It's kind of hard to describe to anyone, technical or otherwise, the
extent to which Gary
Chanson's WinTools have increased my computer
productivity since I discovered and started using his tools to "stuff"
the keyboard with strings of keystrokes which came up regularly several
or more times
A couple of notes... QMenu
has it's own SEND command, which makes creating and editing the menus
simpler! In addition, ^C (copy) works.
In version 1.4 Gary added the variable $CLIPBOARD which passes the
contents of the clipboard buffer and works with both the SEND command
(removing the need for ^V) plus it allows passing the contents of the
clipboard to a command to RUN an executable with an argument such as;
Reg&Jump = regjump.exe $CLIPBOARD
is another useful tool that opens REGEDIT and goes directly to the
registry key that is passed in the argument following the executable...
in the above example, copy any valid registry key, hit the hotkey to
trigger QMenu, then type "J" and the windows registry opens at the
copied key location within the registry.)
At the bottom of this tutorial, I have included two different sample
menu files... one using only QMenu and the other including the same
While WinTools is a suite of many and diverse Windows utilities, there
is one WinTool which offers the potential to assist anyone
spends a lot of time using a keyboard or to save time entering text on
a Tablet PC It's named QMenu.exe.
This is a popup menu program as shown below, which,
based on the menu selection, issues windows commands to run any program
including, a SEND command in order to automatically type
frequently needed text ...such as a full
...so, pressing a hotkey to bring up my own menu and selecting the
option, QMenu issues my SEND command to type the string associated
with the menu entry "Addr" into the current document.
Using a full keyboard, the quickest way to execute menu options is
using a hotkey assigned to launch QMenu plus QMenu's own hotkeys... the
characters in the menu selections. If each of the underlined
used only once in a menu, simply typing it will execute the associated
These menu's also work well using a tablet computer and pen stylus...
assign one of the tablet's programmable buttons to launch QMenu showing
your menu, then one or two taps of the stylus can succeed in typing a
line or more of text.
In addition to simply typing text, SEND can issue most keyboard
commands. Since I spend a lot of times responding on computer
forums, a huge time saver is a keyboard macro to "quote" any text which
I have in the clipboard buffer such as;
>> This is a sample forum question copied from a message
The above SEND command is a little more complex than the address
example which simply typed out the address...
The "Quote" keyboard macro goes to the
beginning of the current line, creates a blank line, types the
beginning quote marks plus a <space> pastes the text currently in
the clipboard into
the document, types another <space> plus the end quote marks,
then creates a blank line below the quote creating a "quote paste" such
as the one shown
At this point it's probably appropriate to show the SEND command which
created the above quote paste;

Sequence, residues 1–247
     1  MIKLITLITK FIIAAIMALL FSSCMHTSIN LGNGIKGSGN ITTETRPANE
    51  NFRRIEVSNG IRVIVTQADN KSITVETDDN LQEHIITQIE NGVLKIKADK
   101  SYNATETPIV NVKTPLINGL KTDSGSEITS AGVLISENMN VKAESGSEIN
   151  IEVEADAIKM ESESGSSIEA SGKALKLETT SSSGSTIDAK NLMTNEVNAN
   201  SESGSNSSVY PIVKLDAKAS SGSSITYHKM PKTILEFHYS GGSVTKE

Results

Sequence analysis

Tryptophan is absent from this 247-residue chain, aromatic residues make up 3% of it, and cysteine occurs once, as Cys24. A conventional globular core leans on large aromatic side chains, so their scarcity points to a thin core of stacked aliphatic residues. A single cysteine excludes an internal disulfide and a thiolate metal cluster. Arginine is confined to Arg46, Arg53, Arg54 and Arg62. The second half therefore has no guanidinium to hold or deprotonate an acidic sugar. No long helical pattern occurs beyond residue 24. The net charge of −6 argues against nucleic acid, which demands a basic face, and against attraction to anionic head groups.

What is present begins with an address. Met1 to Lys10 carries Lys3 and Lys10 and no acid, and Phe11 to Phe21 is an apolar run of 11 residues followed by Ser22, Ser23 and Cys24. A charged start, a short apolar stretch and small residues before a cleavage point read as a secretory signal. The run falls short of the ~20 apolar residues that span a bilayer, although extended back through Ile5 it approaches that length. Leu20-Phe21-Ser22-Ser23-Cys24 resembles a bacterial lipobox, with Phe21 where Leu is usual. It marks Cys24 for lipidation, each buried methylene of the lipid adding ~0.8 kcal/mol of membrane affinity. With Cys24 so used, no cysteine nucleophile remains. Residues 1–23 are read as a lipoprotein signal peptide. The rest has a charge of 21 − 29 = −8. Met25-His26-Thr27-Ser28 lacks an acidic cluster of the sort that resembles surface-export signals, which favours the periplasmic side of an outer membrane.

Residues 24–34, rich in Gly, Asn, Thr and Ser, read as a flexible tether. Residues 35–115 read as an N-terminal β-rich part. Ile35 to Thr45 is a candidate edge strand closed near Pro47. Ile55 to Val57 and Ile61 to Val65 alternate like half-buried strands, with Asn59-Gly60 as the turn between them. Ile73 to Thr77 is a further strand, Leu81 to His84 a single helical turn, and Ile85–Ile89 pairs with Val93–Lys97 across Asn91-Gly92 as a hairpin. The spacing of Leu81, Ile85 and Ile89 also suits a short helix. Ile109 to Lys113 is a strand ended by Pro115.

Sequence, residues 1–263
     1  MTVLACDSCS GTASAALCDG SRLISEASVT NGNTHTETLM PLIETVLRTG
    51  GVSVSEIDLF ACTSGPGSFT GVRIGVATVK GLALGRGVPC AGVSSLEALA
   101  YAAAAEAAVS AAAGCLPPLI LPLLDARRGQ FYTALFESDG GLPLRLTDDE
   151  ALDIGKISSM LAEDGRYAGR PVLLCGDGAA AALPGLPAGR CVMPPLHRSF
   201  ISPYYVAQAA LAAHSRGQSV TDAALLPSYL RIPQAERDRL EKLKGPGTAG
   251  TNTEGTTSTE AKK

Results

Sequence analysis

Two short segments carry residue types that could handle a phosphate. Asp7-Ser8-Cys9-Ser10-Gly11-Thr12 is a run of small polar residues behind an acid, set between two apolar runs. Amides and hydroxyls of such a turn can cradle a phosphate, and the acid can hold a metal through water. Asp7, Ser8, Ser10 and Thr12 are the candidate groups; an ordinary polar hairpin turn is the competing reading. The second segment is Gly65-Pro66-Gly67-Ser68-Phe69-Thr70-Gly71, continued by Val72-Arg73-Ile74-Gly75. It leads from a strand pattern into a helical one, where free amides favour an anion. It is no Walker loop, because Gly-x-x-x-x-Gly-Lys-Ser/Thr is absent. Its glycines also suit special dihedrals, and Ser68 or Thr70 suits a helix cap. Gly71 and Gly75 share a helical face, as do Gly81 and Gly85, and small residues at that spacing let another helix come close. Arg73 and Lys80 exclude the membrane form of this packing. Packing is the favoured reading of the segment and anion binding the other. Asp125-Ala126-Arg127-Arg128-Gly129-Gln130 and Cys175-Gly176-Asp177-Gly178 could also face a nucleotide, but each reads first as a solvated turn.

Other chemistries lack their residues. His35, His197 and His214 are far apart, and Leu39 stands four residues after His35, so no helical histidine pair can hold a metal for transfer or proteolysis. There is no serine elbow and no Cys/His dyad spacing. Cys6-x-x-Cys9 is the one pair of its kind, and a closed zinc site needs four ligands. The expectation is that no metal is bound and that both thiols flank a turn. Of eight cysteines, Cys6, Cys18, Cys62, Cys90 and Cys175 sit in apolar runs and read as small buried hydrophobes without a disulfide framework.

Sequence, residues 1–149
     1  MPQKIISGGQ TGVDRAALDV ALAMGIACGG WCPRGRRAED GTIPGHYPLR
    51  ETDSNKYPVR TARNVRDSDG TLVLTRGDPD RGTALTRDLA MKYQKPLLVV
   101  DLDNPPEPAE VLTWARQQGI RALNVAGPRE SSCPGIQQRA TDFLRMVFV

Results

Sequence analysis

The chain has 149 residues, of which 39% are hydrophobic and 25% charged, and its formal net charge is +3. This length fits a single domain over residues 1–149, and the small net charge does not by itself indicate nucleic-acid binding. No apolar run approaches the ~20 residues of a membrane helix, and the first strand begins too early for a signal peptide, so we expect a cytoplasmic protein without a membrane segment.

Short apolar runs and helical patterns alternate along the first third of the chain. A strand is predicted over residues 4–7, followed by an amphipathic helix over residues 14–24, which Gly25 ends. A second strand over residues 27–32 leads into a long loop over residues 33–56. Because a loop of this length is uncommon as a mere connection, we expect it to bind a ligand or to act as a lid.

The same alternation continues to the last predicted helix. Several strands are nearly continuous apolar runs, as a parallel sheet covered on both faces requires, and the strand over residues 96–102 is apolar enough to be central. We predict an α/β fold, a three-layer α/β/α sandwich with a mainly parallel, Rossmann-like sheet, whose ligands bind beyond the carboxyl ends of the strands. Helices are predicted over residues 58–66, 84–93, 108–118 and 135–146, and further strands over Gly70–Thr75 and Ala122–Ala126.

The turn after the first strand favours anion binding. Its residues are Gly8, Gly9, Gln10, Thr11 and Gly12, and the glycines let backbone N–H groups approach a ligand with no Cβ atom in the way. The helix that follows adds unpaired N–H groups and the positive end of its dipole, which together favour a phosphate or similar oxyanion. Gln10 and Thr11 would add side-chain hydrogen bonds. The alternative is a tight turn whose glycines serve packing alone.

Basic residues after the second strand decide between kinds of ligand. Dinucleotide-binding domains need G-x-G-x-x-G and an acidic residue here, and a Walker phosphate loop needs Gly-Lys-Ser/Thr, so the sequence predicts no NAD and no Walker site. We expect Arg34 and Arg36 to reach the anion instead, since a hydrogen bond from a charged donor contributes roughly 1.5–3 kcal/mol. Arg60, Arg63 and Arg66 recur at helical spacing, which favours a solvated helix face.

Time to remember that all of that was accomplished with only two
keystrokes... the first was the hotkey to launch this custom QMenu, and
the second was "Q"
...note that the "Q" in Quote is underlined
when QMenu appears thereby indicating that it's the hotkey for this macro.
Two more examples below the first Quote selection are two other "Quote"
selections I use frequently, the first preceeded by
an underlined <period> and the second preceeded by an underlined
Pressing the hotkey and <period> creates two
blank lines plus the beginning and ending quote marks, then moves the
insert cursor between the quote marks so that typing can begin
Next, the <comma> selection "Breaks" quotes... for example, there
two or more items I want to quote in a response.. I copy a block
containing all of the quote texts, then paste it as a single quote...
...then I put my cursor where
I want the break the quote, press <hotkey><comma> and get;
>> This is a
sample forum question <<
>> copied from a
Onward to QMenu Files
Getting too complicated? Perfect time to look at how the actual
built... they are simply "plain text" files.
A complete QMenu file containing only the
above three commands would look like;
I doesn't really matter what kind of document is
currently being edited... the above
works in almost every place I have tried it, from email messages, to
documents and even including web forum message boxes.
After downloading and installing WinTools, the QMenu command
line is very simple;
Create a desktop shortcut with the above (assuming your menu file is
named "MYMACROS.MEN") then open the shortcut properties and assign it a
"hotkey" such as <Ctrl-Alt-Q>
To test it, open notepad or start an email message and press <Ctrl-Alt-Q>
and select from your menu options... the text associated with the
selection should then appear in your document.
While the Shortcut-Hotkey approach works, if you have a keyboard with
programmable keys or a tablet with programmable buttons, using one (or
more) of those to launch QMenu makes life much easier.
As mentioned above, a
related program is QWin.exe.
This utility also has the ability to "stuff"
the keyboard buffer with anything which can be typed on the
keyboard so the typing occurs in the current
program, for example, typing out your full name. An example of a
shortcut commands might be;
"" send "My Name~C"
So, rather than using QMenu, create a single QWin shortcut assigned to
a hotkey or a programmable key for
something that I type very frequently
so I can launch it using a single
keystroke rather than making a QMenu selection.